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Wednesday, 23 June 1937


Senator J V MACDONALD (QUEENSLAND) . - If I were to reply to all of the inaccurate statements made by honorable senators opposite during th« debate on this motion, and to comment on all the points raised in the GovernorGeneral's Speech, I should . occupy Mie time of the Senate for at. least a week. I agree that we should have a Governor-General in « Australia, but, . like the Leader of thu Opposition (Senator Collings), I am strongly opposed to unnecessary expenditure being incurred by providing more than one official residence for that gentleman. There is no need to maintain palatial residences in cities other than Canberra ; if such extravagance bc justified in the federal sphere the State governments will be justified in having more than one official residence for State Governors.


Senator Collings - Why should not the Governor of Queensland have an official residence in 'Brisbane, and another in Townsville?

Senator J.V. MacDONALD.Exactly. If residences for the GovernorGeneral were provided in Canberra, Melbourne and Sydney, and the occupant of that office should decide to reside permanently in Canberra, the other buildings would be left on the hands of theGovernment.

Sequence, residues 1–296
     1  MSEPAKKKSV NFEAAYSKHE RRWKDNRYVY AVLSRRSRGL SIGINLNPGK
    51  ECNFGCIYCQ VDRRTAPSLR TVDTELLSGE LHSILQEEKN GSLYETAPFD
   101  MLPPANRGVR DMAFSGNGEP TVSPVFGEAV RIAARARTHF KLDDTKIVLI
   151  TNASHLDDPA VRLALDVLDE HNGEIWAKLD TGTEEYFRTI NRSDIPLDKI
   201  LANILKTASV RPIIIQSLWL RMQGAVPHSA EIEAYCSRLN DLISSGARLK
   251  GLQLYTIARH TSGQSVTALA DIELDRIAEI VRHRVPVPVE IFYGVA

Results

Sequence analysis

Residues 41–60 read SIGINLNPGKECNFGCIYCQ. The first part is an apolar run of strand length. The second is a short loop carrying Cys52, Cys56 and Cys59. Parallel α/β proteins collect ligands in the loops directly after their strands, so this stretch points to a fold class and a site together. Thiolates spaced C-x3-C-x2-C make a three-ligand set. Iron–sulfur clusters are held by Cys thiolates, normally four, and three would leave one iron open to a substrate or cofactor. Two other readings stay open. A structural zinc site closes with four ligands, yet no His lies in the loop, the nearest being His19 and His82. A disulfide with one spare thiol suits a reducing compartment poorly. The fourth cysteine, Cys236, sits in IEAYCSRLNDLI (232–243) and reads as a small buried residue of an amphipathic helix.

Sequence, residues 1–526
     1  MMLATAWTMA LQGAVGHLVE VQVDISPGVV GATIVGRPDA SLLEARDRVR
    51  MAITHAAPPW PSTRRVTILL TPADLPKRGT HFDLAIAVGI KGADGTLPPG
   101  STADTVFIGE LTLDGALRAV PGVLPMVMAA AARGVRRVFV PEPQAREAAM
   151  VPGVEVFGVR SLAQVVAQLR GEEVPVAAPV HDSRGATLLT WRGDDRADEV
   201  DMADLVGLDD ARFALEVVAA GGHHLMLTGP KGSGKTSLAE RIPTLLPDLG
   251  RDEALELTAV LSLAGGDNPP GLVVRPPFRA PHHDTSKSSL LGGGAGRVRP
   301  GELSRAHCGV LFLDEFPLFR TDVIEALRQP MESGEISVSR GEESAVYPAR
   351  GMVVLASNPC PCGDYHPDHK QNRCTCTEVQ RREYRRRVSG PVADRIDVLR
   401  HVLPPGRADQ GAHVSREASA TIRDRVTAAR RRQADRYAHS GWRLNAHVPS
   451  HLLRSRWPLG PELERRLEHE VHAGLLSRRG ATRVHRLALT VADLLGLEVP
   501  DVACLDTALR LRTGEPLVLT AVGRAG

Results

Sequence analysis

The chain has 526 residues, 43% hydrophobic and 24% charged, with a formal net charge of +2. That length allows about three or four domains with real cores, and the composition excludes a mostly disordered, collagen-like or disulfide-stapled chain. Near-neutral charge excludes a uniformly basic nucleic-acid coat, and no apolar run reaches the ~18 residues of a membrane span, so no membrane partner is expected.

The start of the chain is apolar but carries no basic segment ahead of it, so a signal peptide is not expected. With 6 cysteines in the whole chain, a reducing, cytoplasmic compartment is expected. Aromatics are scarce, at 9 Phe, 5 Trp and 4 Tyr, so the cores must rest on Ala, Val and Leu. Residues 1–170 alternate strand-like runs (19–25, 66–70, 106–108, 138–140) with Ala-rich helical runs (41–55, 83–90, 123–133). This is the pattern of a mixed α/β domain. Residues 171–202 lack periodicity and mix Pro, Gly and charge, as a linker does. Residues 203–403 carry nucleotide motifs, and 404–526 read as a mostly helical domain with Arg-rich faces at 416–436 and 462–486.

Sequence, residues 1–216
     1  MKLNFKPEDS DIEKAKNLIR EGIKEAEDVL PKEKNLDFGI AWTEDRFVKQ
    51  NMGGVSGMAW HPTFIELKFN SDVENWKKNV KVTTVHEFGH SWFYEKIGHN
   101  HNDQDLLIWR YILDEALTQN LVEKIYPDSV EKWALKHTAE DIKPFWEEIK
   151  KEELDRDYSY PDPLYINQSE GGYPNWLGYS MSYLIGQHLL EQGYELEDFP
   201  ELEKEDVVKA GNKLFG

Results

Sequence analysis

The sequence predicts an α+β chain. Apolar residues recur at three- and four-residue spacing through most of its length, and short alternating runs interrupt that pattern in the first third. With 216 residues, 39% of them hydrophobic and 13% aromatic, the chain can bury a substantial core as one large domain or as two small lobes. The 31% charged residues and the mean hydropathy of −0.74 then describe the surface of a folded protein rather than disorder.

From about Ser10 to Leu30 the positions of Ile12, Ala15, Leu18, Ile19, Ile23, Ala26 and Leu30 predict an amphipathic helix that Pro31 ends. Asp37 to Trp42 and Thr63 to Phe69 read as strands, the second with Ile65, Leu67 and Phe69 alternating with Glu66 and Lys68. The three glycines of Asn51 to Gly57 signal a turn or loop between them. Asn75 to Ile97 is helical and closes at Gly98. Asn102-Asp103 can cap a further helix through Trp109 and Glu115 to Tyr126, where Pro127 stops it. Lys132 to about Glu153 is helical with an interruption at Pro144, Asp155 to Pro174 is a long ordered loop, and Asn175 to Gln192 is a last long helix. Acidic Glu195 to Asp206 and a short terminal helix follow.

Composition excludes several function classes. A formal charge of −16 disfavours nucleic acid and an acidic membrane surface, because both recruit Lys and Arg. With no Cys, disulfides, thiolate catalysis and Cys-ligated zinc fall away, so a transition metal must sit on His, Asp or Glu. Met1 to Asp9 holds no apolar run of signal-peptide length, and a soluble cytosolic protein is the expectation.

Paragraph 2 of the Speech reads -

The public credit in Australia has been maintained at a veil' high level, with corresponding advantages to interest ratesgenerally, while the conversion of our overseas, indebtedness to lower interest rates has been carried on. as loans mature, with very satisfactory results.

A number of our overseas loans have been, converted at reasonably low rates, but others have still to be converted. I give theHigh Commissioner (Mr. Bruce) credit for what he has done, but he has certainly omitted to take full advantage of the opportunities available. The Acting; Premier, the Minister for Lands inQueensland (Mr. Pease) said after his return from the United States of America, that so much money was available in that country that loans could' be obtained at as low a rate as 1 per cent. That may be a slight exaggeration of the position,, but I remember reading a statement by Dr. Dalton, M.P., to. the effect that so' much capital was available in England at such ridiculously low rates that it could almost be said that borrowers could have it for nothing.


Senator McLeay - Does the honorable senator believe that statement merely because it appeared in print?